'VegasFringe' explores dysfunctional families with strange secrets at LVLT
For Las Vegas Little Theatre's 10th annual "VegasFringe Festival" I saw two full-length plays--both about dysfunctional families--that fit the idea of shows that exist outside the norm.
"The House of Yes"
Las Vegas Little Theatre
★★★½ ☆- Satisfying+
With sibling incest as a main theme, LVLT's stark presentation of Wendy MacLeod's 1990 dark comedy "The House of Yes" epitomizes "disturbing" as an unofficial category of fringe. About a wealthy, insulated and odd family who don't have the word "no" in their vocabulary, a storm brews both outdoors and inside when brother Marty--who fled his family in search of normalcy--inexplicably returns home with his new fiancée Lesly for Thanksgiving dinner. It's been 20 years since their father left the family in 1963, on the day that John F. Kennedy was assassinated. Mother Pascal is disconnected from emotion, sister Jackie-O has an unnamed mental illness, and brother Anthony has dropped out of college to care for them both. But Jackie-O loves Marty a little too much, and she draws him back into her warped world so they can replay their game of JFK's assassination (and thus their father's departure) by reenacting the moment of his shooting. It's titillating foreplay and they subconsciously detach from their deviant sexual union because they are portraying other people.
On opening night the show overall was intriguing, but the energy and pacing felt flat. Directed by David Morey, the cast doesn't always capture the crispness of MacLeod's witty dialogue, so some of the dry humor is lost, and some scenes don't have the tension and build they need to make an impact. Chris Davies' fringe-friendly set design uses black cubes configured to represent functional furniture--like the sofa of the living room or the bed in the guest quarters--which are easily rearranged through multiple scene changes. The spareness gives the show an eerie existential quality, though the feeling of wealth gets watered down with a single, stained-glass Tiffany lamp symbolizing opulent decor. And much of the action takes place on the soft sofa and bed, so the hard cubes inhibit the movement of actors in that sense. The costumes, by Loryanna Michalek, give a wealthy feel to the clothing of Mrs. Pascal contrasted with the organic looks of the bourgeoise Lesly (though her sequin dinner dress doesn't fit the character). And Ginny Adams' lighting design illuminates actors with a clarity that matches the mood whether in lightness or candlelit darkness.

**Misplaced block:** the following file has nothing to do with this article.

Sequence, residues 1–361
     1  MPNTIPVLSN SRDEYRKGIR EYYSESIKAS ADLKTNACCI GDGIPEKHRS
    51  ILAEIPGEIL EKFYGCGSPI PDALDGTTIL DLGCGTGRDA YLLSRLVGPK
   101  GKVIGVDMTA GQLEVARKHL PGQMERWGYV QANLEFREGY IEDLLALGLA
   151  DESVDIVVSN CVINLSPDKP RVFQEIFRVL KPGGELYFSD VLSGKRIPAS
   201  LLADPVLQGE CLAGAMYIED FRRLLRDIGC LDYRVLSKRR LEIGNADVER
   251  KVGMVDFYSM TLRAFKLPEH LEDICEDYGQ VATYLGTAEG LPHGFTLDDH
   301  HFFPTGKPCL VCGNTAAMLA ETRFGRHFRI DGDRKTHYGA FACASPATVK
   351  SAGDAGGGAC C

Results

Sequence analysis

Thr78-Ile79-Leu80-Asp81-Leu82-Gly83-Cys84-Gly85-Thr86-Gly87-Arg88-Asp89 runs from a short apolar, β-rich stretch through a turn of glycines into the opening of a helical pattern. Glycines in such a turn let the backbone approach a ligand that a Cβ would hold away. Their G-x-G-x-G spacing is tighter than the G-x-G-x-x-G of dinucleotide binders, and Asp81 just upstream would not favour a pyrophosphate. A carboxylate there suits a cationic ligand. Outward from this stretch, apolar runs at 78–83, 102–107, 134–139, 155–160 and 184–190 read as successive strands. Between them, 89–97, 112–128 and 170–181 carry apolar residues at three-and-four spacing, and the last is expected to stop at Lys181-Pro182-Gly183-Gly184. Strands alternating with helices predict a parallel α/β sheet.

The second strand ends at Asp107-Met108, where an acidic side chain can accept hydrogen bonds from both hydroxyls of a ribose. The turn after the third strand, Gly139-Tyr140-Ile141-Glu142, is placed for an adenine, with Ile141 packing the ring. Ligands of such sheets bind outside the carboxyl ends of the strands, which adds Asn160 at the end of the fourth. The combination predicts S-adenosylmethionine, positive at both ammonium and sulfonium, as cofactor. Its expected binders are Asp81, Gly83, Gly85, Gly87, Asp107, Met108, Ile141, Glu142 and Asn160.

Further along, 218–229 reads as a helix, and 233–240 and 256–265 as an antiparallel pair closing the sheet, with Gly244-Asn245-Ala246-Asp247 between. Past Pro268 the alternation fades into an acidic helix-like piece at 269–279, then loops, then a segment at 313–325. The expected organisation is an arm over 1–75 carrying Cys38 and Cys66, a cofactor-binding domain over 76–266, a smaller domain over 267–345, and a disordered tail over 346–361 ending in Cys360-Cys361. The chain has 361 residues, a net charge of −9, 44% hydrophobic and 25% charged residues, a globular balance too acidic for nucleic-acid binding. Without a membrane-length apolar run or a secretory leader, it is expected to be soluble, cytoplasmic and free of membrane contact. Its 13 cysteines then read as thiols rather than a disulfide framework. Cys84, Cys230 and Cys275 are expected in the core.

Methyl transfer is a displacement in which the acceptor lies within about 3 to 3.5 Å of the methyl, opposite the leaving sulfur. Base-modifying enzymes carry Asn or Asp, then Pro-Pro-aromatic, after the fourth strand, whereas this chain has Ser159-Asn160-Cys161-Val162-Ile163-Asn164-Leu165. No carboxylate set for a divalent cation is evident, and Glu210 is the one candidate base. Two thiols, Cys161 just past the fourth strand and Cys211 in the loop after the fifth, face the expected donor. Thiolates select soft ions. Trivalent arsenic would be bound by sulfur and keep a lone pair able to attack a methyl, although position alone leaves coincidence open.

Anita Bean as Mrs. Pascal and Noah Keeling as Anthony give the most subtext and depth to their characters, and both have a feel for the rhythms of MacLeod's clever speech. Bean has a regal bearing and droll delivery, and seems wound so tight she might spring at any moment like a predator protecting her brood, while Keeling gives Anthony a sweetness that hides his manipulative nature. Jade Elizabeth captures both the yearning and the mercurial aspects of Jackie-O, though she lacks the character's sophistication, while Chris Von Uebbing as Marty matches her in twin-type looks but seems merely a man who has surrendered his destiny to his sister's guile. And Andrea Borges as Lesly has an earthy, sensible quality that contrasts with the others but lacks the naiveté that gives the character her charm.